Jagannath Mondal, Navjeet Ahalawat, Subhendu Pandit, Lewis E Kay, and Pramodh Vallurupalli (2018).
PLoS computational biology, 14, e1006180.   (PubMed)

Ligand binding sites in proteins are often localized to deeply buried cavities, inaccessible to bulk solvent. Yet, in many cases binding of cognate ligands occurs rapidly. An intriguing system is presented by the L99A cavity mutant of T4 Lysozyme (T4L L99A) that rapidly binds benzene (~106 M-1s-1). Although the protein has long served as a model system for protein thermodynamics and crystal structures of both free and benzene-bound T4L L99A are available, the kinetic pathways by which benzene reaches its solvent-inaccessible binding cavity remain elusive. The current work, using extensive molecular dynamics simulation, achieves this by capturing the complete process of spontaneous recognition of benzene by T4L L99A at atomistic resolution. A series of multi-microsecond unbiased molecular dynamics simulation trajectories unequivocally reveal how benzene, starting in bulk solvent, diffuses to the protein and spontaneously reaches the solvent inaccessible cavity of T4L L99A. The simulated and high-resolution X-ray derived bound structures are in excellent agreement. A robust four-state Markov model, developed using cumulative 60 μs trajectories, identifies and quantifies multiple ligand binding pathways with low activation barriers. Interestingly, none of these identified binding pathways required large conformational changes for ligand access to the buried cavity. Rather, these involve transient but crucial opening of a channel to the cavity via subtle displacements in the positions of key helices (helix4/helix6, helix7/helix9) leading to rapid binding. Free energy simulations further elucidate that these channel-opening events would have been unfavorable in wild type T4L. Taken together and via integrating with results from experiments, these simulations provide unprecedented mechanistic insights into the complete ligand recognition process in a buried cavity. By illustrating the power of subtle helix movements in opening up multiple pathways for ligand access, this work offers an alternate view of ligand recognition in a solvent-inaccessible cavity, contrary to the common perception of a single dominant pathway for ligand binding.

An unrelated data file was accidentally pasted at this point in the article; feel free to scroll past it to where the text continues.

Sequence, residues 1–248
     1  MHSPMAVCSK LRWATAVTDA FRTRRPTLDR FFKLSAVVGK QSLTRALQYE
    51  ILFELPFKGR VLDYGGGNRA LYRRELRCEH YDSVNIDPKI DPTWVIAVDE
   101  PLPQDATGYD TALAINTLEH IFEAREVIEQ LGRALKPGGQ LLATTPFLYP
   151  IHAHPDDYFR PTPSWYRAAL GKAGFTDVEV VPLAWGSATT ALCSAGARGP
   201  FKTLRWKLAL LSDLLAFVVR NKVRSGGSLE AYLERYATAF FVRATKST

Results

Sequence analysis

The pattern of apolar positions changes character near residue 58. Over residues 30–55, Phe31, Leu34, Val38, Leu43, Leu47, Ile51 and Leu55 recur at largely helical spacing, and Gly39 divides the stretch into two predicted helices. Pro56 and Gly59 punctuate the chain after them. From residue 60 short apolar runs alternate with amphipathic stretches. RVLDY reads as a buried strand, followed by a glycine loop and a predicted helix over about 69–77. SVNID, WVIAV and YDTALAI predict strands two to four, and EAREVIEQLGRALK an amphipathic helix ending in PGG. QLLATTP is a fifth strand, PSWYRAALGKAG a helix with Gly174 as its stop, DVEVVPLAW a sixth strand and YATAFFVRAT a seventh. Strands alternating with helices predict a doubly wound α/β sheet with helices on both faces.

This work describes an example of using Markov State Modeling in kinetic calculations.